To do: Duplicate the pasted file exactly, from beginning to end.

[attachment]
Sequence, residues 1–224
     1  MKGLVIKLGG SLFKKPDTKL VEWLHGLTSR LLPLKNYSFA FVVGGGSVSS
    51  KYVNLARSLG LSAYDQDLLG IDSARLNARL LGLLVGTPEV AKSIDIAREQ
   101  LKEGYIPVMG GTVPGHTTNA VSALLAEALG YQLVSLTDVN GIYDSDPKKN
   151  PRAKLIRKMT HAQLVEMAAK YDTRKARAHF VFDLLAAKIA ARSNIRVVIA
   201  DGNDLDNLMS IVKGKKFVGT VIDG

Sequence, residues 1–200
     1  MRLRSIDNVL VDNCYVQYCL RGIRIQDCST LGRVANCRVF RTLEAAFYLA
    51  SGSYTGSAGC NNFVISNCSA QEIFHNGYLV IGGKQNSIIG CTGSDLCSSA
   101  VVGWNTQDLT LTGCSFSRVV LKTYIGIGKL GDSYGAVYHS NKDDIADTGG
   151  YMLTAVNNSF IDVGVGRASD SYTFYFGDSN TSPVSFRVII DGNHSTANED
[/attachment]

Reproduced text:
Sequence, residues 1–224
     1  MKGLVIKLGG SLFKKPDTKL VEWLHGLTSR LLPLKNYSFA FVVGGGSVSS
    51  KYVNLARSLG LSAYDQDLLG IDSARLNARL LGLLVGTPEV AKSIDIAREQ
   101  LKEGYIPVMG GTVPGHTTNA VSALLAEALG YQLVSLTDVN GIYDSDPKKN
   151  PRAKLIRKMT HAQLVEMAAK YDTRKARAHF VFDLLAAKIA ARSNIRVVIA
   201  DGNDLDNLMS IVKGKKFVGT VIDG

Sequence, residues 1–200
     1  MRLRSIDNVL VDNCYVQYCL RGIRIQDCST LGRVANCRVF RTLEAAFYLA
    51  SGSYTGSAGC NNFVISNCSA QEIFHNGYLV IGGKQNSIIG CTGSDLCSSA
   101  VVGWNTQDLT LTGCSFSRVV LKTYIGIGKL GDSYGAVYHS NKDDIADTGG
   151  YMLTAVNNSF IDVGVGRASD SYTFYFGDSN TSPVSFRVII DGNHSTANED